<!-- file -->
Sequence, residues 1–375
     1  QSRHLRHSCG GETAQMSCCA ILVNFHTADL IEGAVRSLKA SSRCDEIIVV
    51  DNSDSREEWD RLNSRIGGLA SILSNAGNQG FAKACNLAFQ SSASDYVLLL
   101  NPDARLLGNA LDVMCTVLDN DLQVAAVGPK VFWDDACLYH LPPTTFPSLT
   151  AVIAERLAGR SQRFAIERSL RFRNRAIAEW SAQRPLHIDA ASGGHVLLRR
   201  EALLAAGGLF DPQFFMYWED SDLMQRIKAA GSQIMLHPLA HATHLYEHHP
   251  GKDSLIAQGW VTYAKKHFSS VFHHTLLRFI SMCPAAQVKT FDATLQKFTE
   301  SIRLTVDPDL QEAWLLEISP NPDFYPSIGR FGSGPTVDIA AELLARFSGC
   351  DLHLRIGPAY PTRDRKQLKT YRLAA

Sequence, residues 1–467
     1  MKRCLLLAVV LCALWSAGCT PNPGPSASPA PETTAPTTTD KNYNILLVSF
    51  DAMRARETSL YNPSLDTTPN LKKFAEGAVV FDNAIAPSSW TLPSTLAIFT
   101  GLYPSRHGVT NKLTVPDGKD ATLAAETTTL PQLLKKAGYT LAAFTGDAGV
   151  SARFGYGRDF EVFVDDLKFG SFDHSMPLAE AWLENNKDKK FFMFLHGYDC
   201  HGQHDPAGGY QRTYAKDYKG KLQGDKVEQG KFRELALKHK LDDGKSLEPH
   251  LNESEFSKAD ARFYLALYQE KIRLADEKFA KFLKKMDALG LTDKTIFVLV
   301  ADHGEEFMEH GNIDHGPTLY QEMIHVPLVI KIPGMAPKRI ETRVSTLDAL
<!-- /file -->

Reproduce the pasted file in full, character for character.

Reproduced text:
Sequence, residues 1–375
     1  QSRHLRHSCG GETAQMSCCA ILVNFHTADL IEGAVRSLKA SSRCDEIIVV
    51  DNSDSREEWD RLNSRIGGLA SILSNAGNQG FAKACNLAFQ SSASDYVLLL
   101  NPDARLLGNA LDVMCTVLDN DLQVAAVGPK VFWDDACLYH LPPTTFPSLT
   151  AVIAERLAGR SQRFAIERSL RFRNRAIAEW SAQRPLHIDA ASGGHVLLRR
   201  EALLAAGGLF DPQFFMYWED SDLMQRIKAA GSQIMLHPLA HATHLYEHHP
   251  GKDSLIAQGW VTYAKKHFSS VFHHTLLRFI SMCPAAQVKT FDATLQKFTE
   301  SIRLTVDPDL QEAWLLEISP NPDFYPSIGR FGSGPTVDIA AELLARFSGC
   351  DLHLRIGPAY PTRDRKQLKT YRLAA

Sequence, residues 1–467
     1  MKRCLLLAVV LCALWSAGCT PNPGPSASPA PETTAPTTTD KNYNILLVSF
    51  DAMRARETSL YNPSLDTTPN LKKFAEGAVV FDNAIAPSSW TLPSTLAIFT
   101  GLYPSRHGVT NKLTVPDGKD ATLAAETTTL PQLLKKAGYT LAAFTGDAGV
   151  SARFGYGRDF EVFVDDLKFG SFDHSMPLAE AWLENNKDKK FFMFLHGYDC
   201  HGQHDPAGGY QRTYAKDYKG KLQGDKVEQG KFRELALKHK LDDGKSLEPH
   251  LNESEFSKAD ARFYLALYQE KIRLADEKFA KFLKKMDALG LTDKTIFVLV
   301  ADHGEEFMEH GNIDHGPTLY QEMIHVPLVI KIPGMAPKRI ETRVSTLDAL